Annual Basic Safety Training
Hazardous Materials Safety

If your job requires you to handle, work with, or work around any chemicals or other hazardous materials, you must receive training. This training is required at the time of your initial assignment, and whenever a new hazard is introduced into your work area. Your supervisor will provide information about chemical hazards in your area.

Chemicals can enter your body through any of the following common routes.

  • Inhalation - breathing in chemicals, dusts, vapors or mists.
  • Absorption - through skin contact or glove permeation.
  • Ingestion - of contaminated items or chemicals substances.
  • Injection - splinters, punctures, wounds.
Material Safety Data Sheets (MSDS)

Material Safety Data SheetsIf you work with hazardous chemicals an MSDS must be provided by the manufacturer and be available to you in your work area.

They are informative documents that detail many important characteristics of the chemical and detailed information including: safe handling instructions, precautions for storage and use, and emergency procedures.

The only thing that they do not detail is how to specifically use the chemical; therefore, your supervisor will describe the hazards of the chemicals with which you will be working and provide you with additional training. On-line training is also available and is linked off our web page.

All Hazardous Materials Must Contain a Label

Hazardous Materials Label If a chemical is taken out of its original container, it must be put into a chemically compatible container and labeled with its name and the hazards associated with it.

The hazardous chemical label (shown left) is required whenever a hazardous material is transferred from one container to a secondary container, unless it will be immediately used.

All containers must be labeled to identify their contents. Labels must include the name of the substance, hazards posed, and level of hazard. The scale is from 0-4, 0 being non-hazardous and 4 posing a serious risk.

Food or consumer product containers (unless containing their original material) are not allowed for Hazardous Waste.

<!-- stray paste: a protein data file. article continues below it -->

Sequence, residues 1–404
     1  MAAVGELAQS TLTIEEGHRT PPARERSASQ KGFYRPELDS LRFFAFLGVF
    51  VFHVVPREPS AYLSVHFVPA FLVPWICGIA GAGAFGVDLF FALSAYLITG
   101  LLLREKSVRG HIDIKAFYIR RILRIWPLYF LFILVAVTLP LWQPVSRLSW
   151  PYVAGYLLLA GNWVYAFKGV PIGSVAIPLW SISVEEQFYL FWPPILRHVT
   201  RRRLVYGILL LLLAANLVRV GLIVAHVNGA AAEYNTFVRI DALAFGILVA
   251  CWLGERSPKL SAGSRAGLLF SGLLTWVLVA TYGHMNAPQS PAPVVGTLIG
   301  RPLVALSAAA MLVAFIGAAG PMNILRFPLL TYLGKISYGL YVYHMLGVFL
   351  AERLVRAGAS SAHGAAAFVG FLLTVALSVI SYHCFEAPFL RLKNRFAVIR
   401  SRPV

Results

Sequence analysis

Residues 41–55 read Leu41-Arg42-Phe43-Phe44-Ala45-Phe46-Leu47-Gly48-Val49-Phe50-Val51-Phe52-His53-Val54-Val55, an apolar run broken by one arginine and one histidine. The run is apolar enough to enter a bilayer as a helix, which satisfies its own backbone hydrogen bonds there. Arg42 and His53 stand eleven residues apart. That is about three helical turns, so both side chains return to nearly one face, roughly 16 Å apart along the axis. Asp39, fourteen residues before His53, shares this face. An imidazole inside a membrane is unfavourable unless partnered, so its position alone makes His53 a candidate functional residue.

Consumer milk container with hazardous waste
Plastic milk jug with unoriginal contents.
Multiple consumer product containers with hazardous waste
Plastic juice and milk containers with unoriginal contents.
Example of proper non-food/non-consumer product container
Example of proper non-food/non-consumer product container.
 
Chemical Emergencies

When working with chemicals, it's important to recognize the signs of a chemical emergency. Also, it is important to review your Area Specific Emergency Action Plan.

Before using a chemical, make yourself aware of the location of the emergency eyewash and shower, as well as how to use them before you need them.

Never attempt to clean up any chemical spill unless you have the proper training and PPE.

Personal Protective Equipment

Personal Protective Equipment

Some jobs on campus require the use of PPE. This is for your own protection. Examples of PPE include steel-toe boots, hard hats, hearing protection, gloves, eye protection and respirators (use of a respirator requires a medical evaluation and fit testing prior to use).

Supervisors are required to conduct and document a PPE assessment for any task that requires the use of PPE. If you are a supervisor, and you need assistance in conducting your PPE assessments, please feel free to contact our office at 581-4055.

Also, employees that are required to wear PPE must be trained on the limitations of PPE, when PPE is necessary, what PPE is required, and how to use and maintain it. Don't forget to ensure that this training is also documented.

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